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  • Government of Indonesia Optimistic that GDP Growth Target Can Be Met

    Contrary to the World Bank and Bank Indonesia that both revised down forecasts for economic growth of Indonesia in 2014, the government of Indonesia is still convinced that it can meet the target of 5.8 to 6.0 percent as has been set in the 2014 State Budget (APBN 2014). In its most recent Indonesia Economic Quarterly report, the World Bank said it expects Indonesia’s economic growth to reach 5.3 percent in 2014, while Bank Indonesia targets a 5.7 percentage growth rate.

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  • Bank Indonesia Lowers Forecast for Economic Growth in 2014 to about 5.7%

    The central bank of Indonesia (Bank Indonesia) lowered its forecast for growth of Southeast Asia's largest economy in 2014 from the range of 5.8 - 6.2 percent to 5.5 - 5.9 percent as expansion of domestic consumption and exports are less robust than previously estimated. As such, Bank Indonesia implied that economic expansion of Indonesia will slow down further. Starting from 2011, gross domestic product (GDP) growth of Indonesia has declined steadily from 6.5 percent to 5.8 percent in 2013.

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  • Bank Indonesia Keeps Benchmark Interest Rate (BI Rate) at 7.50% in March

    It was decided at the Board of Governors' Meeting (on 13 March 2014) to hold the benchmark interest rate (BI rate) at 7.50 percent, the lending facility rate at 7.50 percent and the deposit facility rate at 5.75 percent. The policy is consistent with ongoing efforts to guide inflation back towards its target corridor of 4.5±1 percent in 2014 and 4.0±1 percent in 2015, as well as to reduce the current account deficit to a more sustainable level. Recent developments indicate that the rate of inflation is under control and the current account deficit is shrinking.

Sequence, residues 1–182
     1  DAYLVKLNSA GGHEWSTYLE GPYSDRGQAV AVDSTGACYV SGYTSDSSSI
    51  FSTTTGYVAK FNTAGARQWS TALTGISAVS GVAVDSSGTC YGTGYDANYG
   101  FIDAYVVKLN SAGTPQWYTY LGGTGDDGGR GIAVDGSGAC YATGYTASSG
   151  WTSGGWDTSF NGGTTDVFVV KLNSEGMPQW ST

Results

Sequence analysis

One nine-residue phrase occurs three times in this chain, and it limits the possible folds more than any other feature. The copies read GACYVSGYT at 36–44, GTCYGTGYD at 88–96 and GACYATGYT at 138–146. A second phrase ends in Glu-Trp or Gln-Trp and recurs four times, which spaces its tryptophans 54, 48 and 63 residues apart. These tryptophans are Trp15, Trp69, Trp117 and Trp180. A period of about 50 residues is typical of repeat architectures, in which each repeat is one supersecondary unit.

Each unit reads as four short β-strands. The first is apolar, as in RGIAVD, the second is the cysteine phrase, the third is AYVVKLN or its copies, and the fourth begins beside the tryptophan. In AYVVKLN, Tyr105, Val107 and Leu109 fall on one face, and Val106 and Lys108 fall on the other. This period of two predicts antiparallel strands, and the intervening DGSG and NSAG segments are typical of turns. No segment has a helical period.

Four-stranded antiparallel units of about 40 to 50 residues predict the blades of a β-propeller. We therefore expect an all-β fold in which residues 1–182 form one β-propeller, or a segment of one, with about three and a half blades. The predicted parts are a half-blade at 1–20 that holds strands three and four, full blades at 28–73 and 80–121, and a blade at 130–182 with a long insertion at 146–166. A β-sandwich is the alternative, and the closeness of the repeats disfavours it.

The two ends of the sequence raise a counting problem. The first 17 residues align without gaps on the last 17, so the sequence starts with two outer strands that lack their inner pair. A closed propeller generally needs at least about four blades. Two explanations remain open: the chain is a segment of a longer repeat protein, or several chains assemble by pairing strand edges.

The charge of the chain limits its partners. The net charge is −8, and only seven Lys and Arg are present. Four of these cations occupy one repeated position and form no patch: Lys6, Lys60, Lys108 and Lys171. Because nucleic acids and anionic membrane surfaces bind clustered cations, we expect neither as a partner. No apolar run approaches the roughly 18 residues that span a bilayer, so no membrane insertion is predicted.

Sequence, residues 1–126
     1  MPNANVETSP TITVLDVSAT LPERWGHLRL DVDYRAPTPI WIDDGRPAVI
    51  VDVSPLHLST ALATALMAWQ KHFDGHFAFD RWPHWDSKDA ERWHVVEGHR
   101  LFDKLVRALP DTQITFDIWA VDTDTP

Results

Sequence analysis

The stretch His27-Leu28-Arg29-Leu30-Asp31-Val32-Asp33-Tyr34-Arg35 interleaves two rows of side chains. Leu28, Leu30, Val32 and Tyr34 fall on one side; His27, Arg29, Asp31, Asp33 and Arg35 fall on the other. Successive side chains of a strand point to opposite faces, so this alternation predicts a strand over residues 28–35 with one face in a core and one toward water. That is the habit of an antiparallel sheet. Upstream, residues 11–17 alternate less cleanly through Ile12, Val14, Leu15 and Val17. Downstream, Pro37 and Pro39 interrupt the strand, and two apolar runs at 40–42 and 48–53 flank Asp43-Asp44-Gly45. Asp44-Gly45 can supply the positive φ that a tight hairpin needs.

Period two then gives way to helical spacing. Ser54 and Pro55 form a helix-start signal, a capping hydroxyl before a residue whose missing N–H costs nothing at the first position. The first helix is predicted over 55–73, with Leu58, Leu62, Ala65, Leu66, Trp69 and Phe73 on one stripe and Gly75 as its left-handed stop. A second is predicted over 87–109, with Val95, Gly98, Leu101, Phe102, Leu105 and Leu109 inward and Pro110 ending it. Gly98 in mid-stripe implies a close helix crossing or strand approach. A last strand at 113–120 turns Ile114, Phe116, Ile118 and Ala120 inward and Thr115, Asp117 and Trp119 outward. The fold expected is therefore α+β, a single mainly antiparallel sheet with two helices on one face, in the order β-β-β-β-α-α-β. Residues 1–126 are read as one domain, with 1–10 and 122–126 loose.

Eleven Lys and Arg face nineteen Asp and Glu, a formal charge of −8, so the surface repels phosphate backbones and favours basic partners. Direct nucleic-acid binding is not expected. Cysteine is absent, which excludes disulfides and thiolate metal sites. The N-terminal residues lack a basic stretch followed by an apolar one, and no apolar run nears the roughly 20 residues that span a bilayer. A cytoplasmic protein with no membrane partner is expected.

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  • January's Slowing Credit Growth in Line with Bank Indonesia's Directive

    January's Slowing Credit Growth in Line with Bank Indonesia's Directive

    Credit growth in Indonesia's banking sector slowed in January 2014 to a growth pace of 20.9 percent (year-on-year), down from 21.4 percent (yoy) in the previous month. Total disbursed credit in January 2014 stood at IDR 3,287 trillion (USD 285 billion). The slowing pace of credit disbursement in Southeast Asia's largest economy is in accordance with the central bank's target to reduce credit growth in the banking sector to between 15 and 17 percent (yoy), said Agus Martowardojo, Governor of Bank Indonesia.

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  • Mixed Predictions about Interest Rate Policy Decision of Bank Indonesia

    Tomorrow (13/03), Bank Indonesia will hold its next Board of Governor's Meeting to discuss general policies in the monetary field. As usual, market participants are highly interested in the central bank's assessment of the country's economic fundamentals and interest rates policy. However, predictions about Bank Indonesia's stance toward its benchmark interest rate (BI rate) are mixed. Some expect it to be kept at 7.50 percent as inflation has been under control. Others anticipate a 0.25 percent hike due to the country's weak exports.

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Latest Columns Bank Indonesia

  • Rupiah Update Indonesia: Stronger on US Jobs Data